PID : 18481304 TID : 1 PROC : nsrdb2ra
INSTANCE: db2sid NODE : 000
FUNCTION: DB2 Common, Cryptography, cryptContextRealInit, probe:60
Unexpected cryptographic error
DATA #1 : Hex integer, 4 bytes
DATA #2 : Hex integer, 4 bytes
DATA #3 : Hex integer, 4 bytes
DATA #4 : String, 32 bytes
Invalid data value: icclib.c:989
CALLSTCK: (Static functions may not be resolved correctly, as they are
resolved to the nearest symbol)
[0] 0x090000007ECEDB34 pdOSSeLoggingCallback + 0xC0
[1] 0x090000007DFB0224 oss_log__FP9OSSLogFacUiN32UlN26iPPc + 0x1C4
[2] 0x090000007DFB0024 ossLog + 0xC4
[3] 0x090000007F37A960 cryptLogICCErrorWithStatus + 0xF8
[4] 0x090000007F37A2D0 cryptContextRealInit + 0x544
[5] 0x090000007F37B160 cryptContextCheckAndInit + 0x58
[6] 0x090000007F37B5E4 cryptDHInit + 0x1BC
[7] 0x090000007F35E3C4 sqlexSlcServerEncryptAccsec + 0xD0
[8] 0x090000007F35E260
sqlexSlcServerEncryptAuthenticate__FP14db2UCinterfacelPUi + 0x130
[9] 0x090000007E50B258 sqlexAppAuthenticate__FP14db2UCinterface +
[10] 0x090000007E6DCC80 sqljrDrdaArAttach__FP14db2UCinterface + 0x84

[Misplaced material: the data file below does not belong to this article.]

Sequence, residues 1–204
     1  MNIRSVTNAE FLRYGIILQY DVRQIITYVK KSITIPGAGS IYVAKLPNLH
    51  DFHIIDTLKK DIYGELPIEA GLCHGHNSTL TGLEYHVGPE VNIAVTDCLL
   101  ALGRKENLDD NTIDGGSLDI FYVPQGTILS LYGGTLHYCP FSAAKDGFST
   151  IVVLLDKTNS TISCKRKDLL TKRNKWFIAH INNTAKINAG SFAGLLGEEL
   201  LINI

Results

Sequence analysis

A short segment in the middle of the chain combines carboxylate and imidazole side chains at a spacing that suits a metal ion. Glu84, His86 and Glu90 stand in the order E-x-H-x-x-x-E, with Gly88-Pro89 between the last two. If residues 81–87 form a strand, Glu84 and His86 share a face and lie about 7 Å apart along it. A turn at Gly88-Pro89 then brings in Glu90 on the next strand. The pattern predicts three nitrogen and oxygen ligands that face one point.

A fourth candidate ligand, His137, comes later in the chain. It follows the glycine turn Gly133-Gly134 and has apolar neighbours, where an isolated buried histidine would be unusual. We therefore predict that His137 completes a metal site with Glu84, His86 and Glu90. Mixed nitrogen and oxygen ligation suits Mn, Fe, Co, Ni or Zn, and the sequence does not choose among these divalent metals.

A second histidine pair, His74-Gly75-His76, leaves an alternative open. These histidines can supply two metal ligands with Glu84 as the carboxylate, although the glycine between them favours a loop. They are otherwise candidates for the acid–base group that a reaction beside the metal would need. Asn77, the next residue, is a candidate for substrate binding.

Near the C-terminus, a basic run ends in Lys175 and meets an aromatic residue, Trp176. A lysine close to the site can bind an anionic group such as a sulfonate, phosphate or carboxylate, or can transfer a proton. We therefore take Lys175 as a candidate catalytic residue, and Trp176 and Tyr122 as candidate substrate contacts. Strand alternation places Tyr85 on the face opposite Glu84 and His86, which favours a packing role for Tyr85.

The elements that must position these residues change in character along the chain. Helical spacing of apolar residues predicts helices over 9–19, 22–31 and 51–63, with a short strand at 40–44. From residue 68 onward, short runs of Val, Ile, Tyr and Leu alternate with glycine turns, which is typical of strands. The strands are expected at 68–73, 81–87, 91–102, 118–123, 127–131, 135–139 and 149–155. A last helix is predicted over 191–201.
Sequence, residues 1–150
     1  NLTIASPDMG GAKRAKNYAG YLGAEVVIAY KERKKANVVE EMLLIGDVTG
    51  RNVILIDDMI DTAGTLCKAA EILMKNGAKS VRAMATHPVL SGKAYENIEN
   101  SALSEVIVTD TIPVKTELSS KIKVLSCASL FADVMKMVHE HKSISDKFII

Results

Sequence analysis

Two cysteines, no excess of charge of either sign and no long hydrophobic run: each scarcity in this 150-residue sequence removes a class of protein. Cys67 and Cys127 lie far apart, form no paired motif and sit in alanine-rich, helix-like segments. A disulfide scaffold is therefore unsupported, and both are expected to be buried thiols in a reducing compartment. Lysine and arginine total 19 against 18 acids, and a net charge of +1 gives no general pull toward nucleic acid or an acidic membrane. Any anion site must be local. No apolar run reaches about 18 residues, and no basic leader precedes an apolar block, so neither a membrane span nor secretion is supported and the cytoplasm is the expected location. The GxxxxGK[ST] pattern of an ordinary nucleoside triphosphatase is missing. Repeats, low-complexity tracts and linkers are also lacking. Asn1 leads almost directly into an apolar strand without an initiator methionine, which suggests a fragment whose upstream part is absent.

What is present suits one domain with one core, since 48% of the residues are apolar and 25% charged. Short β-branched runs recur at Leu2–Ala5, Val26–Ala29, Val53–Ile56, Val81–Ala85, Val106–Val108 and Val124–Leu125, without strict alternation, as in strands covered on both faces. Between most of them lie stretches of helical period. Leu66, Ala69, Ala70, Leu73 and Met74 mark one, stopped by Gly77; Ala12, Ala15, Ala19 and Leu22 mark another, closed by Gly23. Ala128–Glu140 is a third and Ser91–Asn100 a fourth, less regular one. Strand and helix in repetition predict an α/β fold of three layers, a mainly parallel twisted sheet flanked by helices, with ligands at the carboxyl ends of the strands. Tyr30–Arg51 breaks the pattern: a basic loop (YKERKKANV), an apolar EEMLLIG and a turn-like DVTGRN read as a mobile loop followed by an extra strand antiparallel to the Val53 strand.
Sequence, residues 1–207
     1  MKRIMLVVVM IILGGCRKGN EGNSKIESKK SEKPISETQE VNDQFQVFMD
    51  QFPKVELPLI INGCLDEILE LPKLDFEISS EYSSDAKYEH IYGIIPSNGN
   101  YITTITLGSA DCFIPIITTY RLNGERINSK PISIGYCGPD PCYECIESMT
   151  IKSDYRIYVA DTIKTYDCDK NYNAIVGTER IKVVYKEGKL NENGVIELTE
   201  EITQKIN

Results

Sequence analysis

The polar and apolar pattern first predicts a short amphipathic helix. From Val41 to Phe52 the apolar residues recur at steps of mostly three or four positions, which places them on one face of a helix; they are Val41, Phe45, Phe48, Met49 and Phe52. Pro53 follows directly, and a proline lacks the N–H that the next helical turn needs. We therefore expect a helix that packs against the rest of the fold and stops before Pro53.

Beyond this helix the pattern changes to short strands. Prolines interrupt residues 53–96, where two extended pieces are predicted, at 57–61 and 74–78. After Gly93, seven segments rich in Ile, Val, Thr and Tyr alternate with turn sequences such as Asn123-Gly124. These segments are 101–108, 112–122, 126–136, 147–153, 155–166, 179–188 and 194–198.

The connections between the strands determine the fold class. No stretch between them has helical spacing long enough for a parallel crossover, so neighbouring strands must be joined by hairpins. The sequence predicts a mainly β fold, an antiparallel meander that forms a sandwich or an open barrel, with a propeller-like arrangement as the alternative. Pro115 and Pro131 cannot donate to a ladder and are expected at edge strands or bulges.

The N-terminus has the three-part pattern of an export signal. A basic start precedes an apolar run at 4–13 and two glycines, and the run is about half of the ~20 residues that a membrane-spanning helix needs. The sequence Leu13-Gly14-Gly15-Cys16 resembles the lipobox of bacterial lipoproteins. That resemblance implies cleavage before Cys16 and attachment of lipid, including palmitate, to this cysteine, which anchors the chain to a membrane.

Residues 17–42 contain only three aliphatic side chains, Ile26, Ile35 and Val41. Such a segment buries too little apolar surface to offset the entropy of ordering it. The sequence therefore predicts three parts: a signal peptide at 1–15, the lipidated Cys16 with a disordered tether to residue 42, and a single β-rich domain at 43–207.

[11] 0x090000007E6DC26C sqleUCdrdaARinit__FP14db2UCconHandle + 0x4B4
[12] 0x090000007E56A39C sqleUCappAttach + 0x92C
[13] 0x090000007E6A1F28 sqleatin__FPcN41sP5sqlca + 0x23C
[14] 0x090000007E6A1530 sqleatcp_api + 0x1C0
[15] 0x090000007E6A127C sqleatin_api + 0x54
[16] 0x00000001002FB550 InstAttach + 0xC0
[17] 0x00000001002DD104 validate_db2_credentials + 0x128
[18] 0x00000001002DEE38 db2ra_verify_credentials + 0xC8
[19] 0x00000001000008C0 ra_message_handler + 0xF0
[20] 0x0000000100055134 ra_default_message_handler + 0x308
[21] 0x0000000100054BE0 ra_callback + 0x17C
[22] 0x00000001002D93A4 ssncommon_do_callback + 0x70
[23] 0x00000001002D6908 msgssn_get_expected_msg_varp + 0x674
[24] 0x00000001002D7DFC ssn_getmsg_poll_varp + 0xEC
[25] 0x0000000100054980 ra_startagent + 0x128
[26] 0x0000000100055478 ra_main + 0x278
[27] 0x0000000100000604 main + 0x114
[28] 0x0000000100000318 __start + 0x90

The quick resolution was that we needed to adjust the environment of the AIX database backup user to include the following:


This was put into the .profile of the AIX backup user.